Using Student Creativity to Develop a Mental Health Curriculum for Schools
In thinking about mental health for students, who are the experts? Perhaps it is the students themselves who are the experts. As institutions try to design and implement programs to support student mental health, student input may be the most unambiguous way to ascertain their needs and ensure that programs are truly effective.
In fact, students can contribute more than that. When it comes to raising awareness and health promotion, it’s worth thinking about what it is that students are interested in learning about. Would basic mental health education for students be more effective if it came from the students themselves?
To explore this, The Centre for Innovation in Campus Mental Health is focusing this month’s Spotlight on the The Warrior Within project, speaking with Catherine Wachter, the Creative Director of Warrior Within Initiative.
CICMH: Thanks for taking the time for this. First off, what is the Warrior Within and how did the program get started?
Catherine: It started last April. I’m a guidance counsellor and I saw that there were a lack of creative resources to talk about mental health. We decided to shoot a professional film over the summer, last July. We created an Indiegogo campaign to raise money for it over the summer. We approached students and I said to them “You are artists, why don’t you work on your artwork based on the themes of the film?” We had students working on the film score, the art and the shooting and all of them had a professional mentor. The film uses metaphor and imagery to help engage students in their understanding of stress, anxiety and how to individually develop their own resilience.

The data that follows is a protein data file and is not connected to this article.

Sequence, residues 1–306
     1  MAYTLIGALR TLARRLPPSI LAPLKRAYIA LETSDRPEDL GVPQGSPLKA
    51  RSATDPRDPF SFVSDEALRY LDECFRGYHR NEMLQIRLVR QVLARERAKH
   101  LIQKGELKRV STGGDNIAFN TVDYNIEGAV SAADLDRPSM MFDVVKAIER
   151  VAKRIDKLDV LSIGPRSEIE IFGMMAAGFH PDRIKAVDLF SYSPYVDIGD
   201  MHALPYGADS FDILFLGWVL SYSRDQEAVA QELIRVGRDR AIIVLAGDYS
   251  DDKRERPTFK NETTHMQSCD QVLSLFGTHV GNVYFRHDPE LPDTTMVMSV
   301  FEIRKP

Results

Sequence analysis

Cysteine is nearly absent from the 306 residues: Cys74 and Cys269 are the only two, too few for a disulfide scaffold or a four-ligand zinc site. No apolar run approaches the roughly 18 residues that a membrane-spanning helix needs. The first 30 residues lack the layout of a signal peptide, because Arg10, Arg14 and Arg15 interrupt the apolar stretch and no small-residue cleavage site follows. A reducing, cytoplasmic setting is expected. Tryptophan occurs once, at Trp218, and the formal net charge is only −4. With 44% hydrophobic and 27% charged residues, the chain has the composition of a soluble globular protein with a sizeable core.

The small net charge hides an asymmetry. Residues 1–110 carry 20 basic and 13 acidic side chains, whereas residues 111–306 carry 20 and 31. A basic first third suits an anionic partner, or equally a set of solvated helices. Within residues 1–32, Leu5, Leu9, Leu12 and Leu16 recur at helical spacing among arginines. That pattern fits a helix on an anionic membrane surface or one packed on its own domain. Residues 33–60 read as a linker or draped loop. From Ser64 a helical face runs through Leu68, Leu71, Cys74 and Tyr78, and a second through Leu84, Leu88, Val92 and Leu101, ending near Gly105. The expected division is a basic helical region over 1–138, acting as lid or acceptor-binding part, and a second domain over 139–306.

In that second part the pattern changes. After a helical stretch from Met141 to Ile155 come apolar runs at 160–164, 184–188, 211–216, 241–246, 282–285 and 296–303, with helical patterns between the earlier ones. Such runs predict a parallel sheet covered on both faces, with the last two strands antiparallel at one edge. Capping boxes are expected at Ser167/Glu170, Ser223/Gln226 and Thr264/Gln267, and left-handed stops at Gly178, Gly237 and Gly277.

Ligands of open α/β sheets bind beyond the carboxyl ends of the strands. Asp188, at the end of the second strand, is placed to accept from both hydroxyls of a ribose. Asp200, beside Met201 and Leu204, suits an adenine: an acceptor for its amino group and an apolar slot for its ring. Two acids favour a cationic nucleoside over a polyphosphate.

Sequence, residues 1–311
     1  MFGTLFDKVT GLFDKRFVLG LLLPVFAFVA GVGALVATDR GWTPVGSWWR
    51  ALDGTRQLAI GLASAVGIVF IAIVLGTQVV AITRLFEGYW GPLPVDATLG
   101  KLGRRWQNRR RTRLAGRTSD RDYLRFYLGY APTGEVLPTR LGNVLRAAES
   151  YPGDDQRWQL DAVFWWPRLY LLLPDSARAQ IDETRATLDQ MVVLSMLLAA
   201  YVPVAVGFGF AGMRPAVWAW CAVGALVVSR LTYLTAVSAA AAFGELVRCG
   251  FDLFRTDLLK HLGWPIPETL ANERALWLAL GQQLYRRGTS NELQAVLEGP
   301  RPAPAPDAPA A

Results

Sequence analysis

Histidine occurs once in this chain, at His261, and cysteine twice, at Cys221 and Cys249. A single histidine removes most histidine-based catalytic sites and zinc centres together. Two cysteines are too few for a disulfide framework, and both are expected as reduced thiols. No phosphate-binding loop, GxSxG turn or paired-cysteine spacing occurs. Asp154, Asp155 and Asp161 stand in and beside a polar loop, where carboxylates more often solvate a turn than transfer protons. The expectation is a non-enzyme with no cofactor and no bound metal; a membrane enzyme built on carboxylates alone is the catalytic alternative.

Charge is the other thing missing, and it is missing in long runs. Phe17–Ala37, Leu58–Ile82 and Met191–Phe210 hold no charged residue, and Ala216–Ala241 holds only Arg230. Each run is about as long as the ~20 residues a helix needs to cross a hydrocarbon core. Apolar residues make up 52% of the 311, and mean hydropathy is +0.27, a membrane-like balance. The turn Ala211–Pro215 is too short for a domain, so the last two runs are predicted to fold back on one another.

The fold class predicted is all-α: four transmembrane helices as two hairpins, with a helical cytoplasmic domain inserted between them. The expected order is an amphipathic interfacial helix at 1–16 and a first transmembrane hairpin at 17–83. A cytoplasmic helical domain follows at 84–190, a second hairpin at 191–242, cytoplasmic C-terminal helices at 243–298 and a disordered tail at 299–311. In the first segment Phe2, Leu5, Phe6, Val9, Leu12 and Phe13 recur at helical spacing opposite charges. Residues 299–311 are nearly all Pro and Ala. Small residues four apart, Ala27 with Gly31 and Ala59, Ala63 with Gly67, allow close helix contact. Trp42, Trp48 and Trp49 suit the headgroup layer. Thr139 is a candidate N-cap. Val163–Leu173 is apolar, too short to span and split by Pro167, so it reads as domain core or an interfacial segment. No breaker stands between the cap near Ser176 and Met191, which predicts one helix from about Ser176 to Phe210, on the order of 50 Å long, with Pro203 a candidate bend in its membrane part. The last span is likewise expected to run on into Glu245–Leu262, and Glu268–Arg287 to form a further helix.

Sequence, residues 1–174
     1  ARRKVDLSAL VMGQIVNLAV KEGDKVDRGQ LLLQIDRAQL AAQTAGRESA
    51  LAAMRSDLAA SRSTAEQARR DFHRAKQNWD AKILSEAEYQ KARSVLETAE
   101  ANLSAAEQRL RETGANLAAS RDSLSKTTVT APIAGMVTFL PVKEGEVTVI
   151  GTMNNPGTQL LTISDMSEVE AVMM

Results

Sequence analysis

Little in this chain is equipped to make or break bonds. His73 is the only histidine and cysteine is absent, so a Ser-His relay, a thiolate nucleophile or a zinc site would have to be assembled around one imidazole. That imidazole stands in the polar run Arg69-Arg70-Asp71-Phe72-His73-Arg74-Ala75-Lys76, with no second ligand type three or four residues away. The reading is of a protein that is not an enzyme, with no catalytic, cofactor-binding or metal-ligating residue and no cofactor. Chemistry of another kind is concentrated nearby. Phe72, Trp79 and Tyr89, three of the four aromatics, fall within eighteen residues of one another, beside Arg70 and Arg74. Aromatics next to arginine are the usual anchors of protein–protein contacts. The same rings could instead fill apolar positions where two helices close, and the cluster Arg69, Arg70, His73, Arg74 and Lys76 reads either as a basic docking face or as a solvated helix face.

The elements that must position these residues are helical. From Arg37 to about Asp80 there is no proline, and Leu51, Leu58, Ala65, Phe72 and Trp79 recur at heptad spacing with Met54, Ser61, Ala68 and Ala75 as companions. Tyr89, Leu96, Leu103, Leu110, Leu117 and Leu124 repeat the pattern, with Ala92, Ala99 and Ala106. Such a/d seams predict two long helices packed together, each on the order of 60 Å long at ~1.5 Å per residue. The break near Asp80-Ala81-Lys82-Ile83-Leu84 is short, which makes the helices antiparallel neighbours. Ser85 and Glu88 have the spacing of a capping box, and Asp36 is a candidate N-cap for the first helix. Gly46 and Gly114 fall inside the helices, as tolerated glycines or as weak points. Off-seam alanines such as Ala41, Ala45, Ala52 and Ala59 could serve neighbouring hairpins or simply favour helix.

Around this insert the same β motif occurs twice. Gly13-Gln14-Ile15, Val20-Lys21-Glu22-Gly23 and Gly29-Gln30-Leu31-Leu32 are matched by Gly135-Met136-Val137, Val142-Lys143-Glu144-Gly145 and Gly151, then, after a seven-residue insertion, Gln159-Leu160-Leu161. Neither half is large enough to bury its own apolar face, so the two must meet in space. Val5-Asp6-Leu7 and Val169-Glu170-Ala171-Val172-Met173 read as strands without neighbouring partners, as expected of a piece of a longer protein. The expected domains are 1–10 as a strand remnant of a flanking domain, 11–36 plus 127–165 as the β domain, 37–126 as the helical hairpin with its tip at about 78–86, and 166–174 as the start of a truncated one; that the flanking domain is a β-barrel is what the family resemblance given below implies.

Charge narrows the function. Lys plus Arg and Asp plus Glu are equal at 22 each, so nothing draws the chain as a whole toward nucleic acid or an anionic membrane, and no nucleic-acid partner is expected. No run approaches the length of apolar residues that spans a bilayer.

Toward the end of the filming experience, we had the idea to turn this into a curriculum for the classroom. In fact, we decided that the kids needed to create a curriculum. What better way to engage students? I knew that this would engage kids more than a teacher walking in with a PowerPoint just talking about mental health.
The goal of the Warrior Within is to run this like a camp every year. So kids can apply from all over the country, with their different art forms. Then we’d make a film of all that and create a curriculum every year.
CICMH: Could you tell me more about the student curriculum that is being designed?
Catherine: In January, a student group of 10-12 kids from different schools started creating lessons plans, and they loved the experience. It was very empowering. They meet on Thursdays with their computers out and brainstorm for ideas. I barely pipe in – it’s all them. It’s about what they want to get across. They come up with lesson plans, thinking about what they’d want to learn about if they were in the classroom. Once they’re done with that, I will run it through our social worker just to make sure we’re safe and we’ve covered the material that we’d like to cover.
CICMH: So why a film instead of any other type of media – music or interpretive dance, for example? Was there something that you wanted to capture which couldn’t have been done any other way?